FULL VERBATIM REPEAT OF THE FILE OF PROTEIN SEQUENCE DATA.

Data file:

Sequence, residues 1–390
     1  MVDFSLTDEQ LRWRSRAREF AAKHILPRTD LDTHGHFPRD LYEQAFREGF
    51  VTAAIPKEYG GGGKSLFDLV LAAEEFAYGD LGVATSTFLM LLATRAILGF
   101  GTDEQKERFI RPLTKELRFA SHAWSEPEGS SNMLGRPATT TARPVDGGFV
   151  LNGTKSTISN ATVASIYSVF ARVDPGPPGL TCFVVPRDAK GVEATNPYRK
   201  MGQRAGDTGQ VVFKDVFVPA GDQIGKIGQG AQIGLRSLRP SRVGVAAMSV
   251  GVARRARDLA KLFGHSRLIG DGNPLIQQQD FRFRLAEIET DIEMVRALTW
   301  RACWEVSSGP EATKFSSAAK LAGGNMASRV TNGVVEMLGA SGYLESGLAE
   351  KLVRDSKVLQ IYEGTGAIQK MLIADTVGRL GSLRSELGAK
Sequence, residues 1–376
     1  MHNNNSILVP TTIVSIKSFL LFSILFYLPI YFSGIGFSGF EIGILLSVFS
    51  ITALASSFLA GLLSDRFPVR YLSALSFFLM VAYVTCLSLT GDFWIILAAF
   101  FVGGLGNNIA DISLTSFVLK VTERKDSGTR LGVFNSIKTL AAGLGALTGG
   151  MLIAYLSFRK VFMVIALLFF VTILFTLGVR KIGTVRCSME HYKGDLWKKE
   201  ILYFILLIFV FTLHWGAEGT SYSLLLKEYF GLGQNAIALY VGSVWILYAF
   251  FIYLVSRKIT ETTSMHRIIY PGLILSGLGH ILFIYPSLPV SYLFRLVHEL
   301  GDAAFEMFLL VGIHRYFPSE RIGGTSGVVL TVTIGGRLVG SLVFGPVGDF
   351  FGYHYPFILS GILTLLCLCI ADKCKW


Sequence, residues 1–390
     1  MVDFSLTDEQ LRWRSRAREF AAKHILPRTD LDTHGHFPRD LYEQAFREGF
    51  VTAAIPKEYG GGGKSLFDLV LAAEEFAYGD LGVATSTFLM LLATRAILGF
   101  GTDEQKERFI RPLTKELRFA SHAWSEPEGS SNMLGRPATT TARPVDGGFV
   151  LNGTKSTISN ATVASIYSVF ARVDPGPPGL TCFVVPRDAK GVEATNPYRK
   201  MGQRAGDTGQ VVFKDVFVPA GDQIGKIGQG AQIGLRSLRP SRVGVAAMSV
   251  GVARRARDLA KLFGHSRLIG DGNPLIQQQD FRFRLAEIET DIEMVRALTW
   301  RACWEVSSGP EATKFSSAAK LAGGNMASRV TNGVVEMLGA SGYLESGLAE
   351  KLVRDSKVLQ IYEGTGAIQK MLIADTVGRL GSLRSELGAK
Sequence, residues 1–376
     1  MHNNNSILVP TTIVSIKSFL LFSILFYLPI YFSGIGFSGF EIGILLSVFS
    51  ITALASSFLA GLLSDRFPVR YLSALSFFLM VAYVTCLSLT GDFWIILAAF
   101  FVGGLGNNIA DISLTSFVLK VTERKDSGTR LGVFNSIKTL AAGLGALTGG
   151  MLIAYLSFRK VFMVIALLFF VTILFTLGVR KIGTVRCSME HYKGDLWKKE
   201  ILYFILLIFV FTLHWGAEGT SYSLLLKEYF GLGQNAIALY VGSVWILYAF
   251  FIYLVSRKIT ETTSMHRIIY PGLILSGLGH ILFIYPSLPV SYLFRLVHEL
   301  GDAAFEMFLL VGIHRYFPSE RIGGTSGVVL TVTIGGRLVG SLVFGPVGDF
   351  FGYHYPFILS GILTLLCLCI ADKCKW